COME NOW AND ENTER INTO YOUR REST

Once upon a time there was a man who loved living in his tropical paradise.  Having been born on the island where his parents, grandparents, and great-grandparents had always lived, he held in his heart a special place for the beauty of the palm trees, the white sand, the sloping mountains, the gentle climate.

This man, approaching death, told his loved ones to place some island sand into each of his hands when he died, so that he might hold on to the memory of his beloved place forever.  They did, and so the man proceeded to the gates of heaven still clutching the sand.  At the gate, he was warmly greeted and told that as soon as he emptied his hands of the sand, he could enter into eternal joy.

The man was crushed, for he could not let go of what he loved so much, and so he waited. He waited for a long, long time: so long that at last his hands grew weary and could not longer hold the sand. It eventually slipped through his fingers, lost forever.

At that moment, Jesus came to him, holding the man as he sobbed at the loss of his memory, and said, “Come now and enter into your rest.” With that, Jesus walked with the man through the gates of heaven, where there before them both stretched out the entirety of the man’s beloved island.

Source | as told by Tim Muldoon, The Ignatian Workout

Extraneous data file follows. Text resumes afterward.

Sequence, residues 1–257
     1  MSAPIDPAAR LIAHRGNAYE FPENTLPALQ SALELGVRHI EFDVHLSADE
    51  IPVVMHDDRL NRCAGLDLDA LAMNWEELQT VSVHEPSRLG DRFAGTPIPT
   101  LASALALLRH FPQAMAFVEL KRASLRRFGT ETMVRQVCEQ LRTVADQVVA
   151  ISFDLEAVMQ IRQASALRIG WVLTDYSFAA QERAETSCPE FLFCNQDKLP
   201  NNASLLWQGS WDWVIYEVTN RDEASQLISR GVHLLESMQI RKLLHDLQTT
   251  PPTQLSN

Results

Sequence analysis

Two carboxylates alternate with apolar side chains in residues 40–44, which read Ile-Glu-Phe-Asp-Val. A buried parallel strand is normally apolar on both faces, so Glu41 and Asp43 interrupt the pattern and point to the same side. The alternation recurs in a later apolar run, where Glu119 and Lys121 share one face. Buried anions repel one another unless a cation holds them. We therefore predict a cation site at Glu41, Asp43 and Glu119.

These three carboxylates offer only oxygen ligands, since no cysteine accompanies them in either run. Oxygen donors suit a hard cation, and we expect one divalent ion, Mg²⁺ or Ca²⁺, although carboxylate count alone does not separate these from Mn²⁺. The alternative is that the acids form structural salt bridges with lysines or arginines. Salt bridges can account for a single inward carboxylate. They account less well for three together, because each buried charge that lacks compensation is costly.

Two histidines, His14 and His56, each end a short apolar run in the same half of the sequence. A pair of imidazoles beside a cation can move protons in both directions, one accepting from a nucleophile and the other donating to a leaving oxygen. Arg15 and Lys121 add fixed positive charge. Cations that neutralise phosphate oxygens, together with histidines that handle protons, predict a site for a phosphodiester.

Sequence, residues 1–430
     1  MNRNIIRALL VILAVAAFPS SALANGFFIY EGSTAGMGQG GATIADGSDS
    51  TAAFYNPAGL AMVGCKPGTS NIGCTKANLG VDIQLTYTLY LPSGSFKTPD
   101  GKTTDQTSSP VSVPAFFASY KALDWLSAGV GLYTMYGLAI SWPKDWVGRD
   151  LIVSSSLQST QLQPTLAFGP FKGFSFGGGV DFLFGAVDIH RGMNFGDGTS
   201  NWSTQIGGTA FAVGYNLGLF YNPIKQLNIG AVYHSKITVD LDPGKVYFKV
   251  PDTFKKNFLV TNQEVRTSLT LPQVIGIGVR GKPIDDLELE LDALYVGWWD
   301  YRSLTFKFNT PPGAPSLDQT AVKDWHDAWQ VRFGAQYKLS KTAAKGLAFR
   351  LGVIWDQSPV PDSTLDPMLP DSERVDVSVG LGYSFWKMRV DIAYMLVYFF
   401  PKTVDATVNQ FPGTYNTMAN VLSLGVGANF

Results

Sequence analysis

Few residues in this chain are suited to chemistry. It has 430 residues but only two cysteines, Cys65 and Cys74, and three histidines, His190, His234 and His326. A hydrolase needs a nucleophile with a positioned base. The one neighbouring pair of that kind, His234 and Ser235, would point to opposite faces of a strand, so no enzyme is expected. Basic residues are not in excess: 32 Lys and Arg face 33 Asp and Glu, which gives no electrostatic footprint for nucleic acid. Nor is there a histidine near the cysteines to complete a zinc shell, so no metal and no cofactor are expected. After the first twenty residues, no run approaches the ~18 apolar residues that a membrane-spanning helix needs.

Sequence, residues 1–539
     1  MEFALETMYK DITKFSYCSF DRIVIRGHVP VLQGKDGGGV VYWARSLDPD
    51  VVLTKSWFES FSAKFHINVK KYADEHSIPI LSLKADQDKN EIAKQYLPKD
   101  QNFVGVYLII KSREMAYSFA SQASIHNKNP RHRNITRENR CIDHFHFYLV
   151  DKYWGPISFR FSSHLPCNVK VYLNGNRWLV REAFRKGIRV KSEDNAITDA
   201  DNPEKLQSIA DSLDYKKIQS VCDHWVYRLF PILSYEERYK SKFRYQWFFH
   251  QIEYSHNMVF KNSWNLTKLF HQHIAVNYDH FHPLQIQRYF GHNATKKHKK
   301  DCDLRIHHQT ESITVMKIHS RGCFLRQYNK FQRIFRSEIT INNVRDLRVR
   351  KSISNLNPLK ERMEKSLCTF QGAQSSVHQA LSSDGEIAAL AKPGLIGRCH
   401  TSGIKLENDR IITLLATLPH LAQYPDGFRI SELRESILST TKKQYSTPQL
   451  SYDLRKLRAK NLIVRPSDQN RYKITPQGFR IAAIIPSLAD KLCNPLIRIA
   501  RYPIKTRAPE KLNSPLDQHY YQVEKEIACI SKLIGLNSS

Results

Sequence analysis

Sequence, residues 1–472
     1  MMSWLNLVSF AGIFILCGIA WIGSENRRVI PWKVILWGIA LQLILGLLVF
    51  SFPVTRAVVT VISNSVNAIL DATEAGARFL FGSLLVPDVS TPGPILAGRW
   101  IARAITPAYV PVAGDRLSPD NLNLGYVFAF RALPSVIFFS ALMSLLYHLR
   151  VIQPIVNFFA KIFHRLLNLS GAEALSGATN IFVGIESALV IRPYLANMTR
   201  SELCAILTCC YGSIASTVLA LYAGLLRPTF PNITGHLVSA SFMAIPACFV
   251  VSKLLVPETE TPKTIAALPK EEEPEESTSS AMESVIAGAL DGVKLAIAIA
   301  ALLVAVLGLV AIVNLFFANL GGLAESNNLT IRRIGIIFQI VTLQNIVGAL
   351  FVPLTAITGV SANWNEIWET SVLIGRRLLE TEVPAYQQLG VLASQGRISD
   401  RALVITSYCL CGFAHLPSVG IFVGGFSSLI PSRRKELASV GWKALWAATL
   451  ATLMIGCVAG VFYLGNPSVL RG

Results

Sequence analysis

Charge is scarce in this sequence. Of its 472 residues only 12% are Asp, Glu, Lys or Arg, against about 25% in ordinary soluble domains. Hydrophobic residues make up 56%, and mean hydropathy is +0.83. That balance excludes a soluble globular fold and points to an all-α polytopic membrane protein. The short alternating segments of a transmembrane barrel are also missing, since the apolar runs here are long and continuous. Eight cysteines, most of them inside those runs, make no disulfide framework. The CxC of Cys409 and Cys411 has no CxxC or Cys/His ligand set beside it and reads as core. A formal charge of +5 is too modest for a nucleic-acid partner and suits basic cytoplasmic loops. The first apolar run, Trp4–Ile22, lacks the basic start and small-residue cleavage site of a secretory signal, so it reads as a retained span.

(Loyola Press, 2004) page 5

CONSIDER THIS

  • What are you holding on to that’s preventing  you from turning your life over to Life?
  • What is the “handful of sand” that you are still clinging to, blinding you to the amazing, expansive beauty of the whole beach?
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Author: philipchircop

I'm a Jesuit from Malta, an artist at heart and madly in love with all things beautiful and soulful: music, painting, sculpture, photography, film, theatre, poetry, good company, good food, good wine and more. I believe that beauty is a wonderful entry into the mystery of the God “whose centre is everywhere and whose circumference is nowhere.” God can be sensed in all things if and when we engage in a long, loving look at the real that surrounds us. I consider myself a seeker with bottomless curiosity, an eternal student of life, exploring fresh and creative ways to proclaim the Good News in the hope of helping fellow pilgrims and seekers to embrace real and radical changes that will lead to conversion and transformation.

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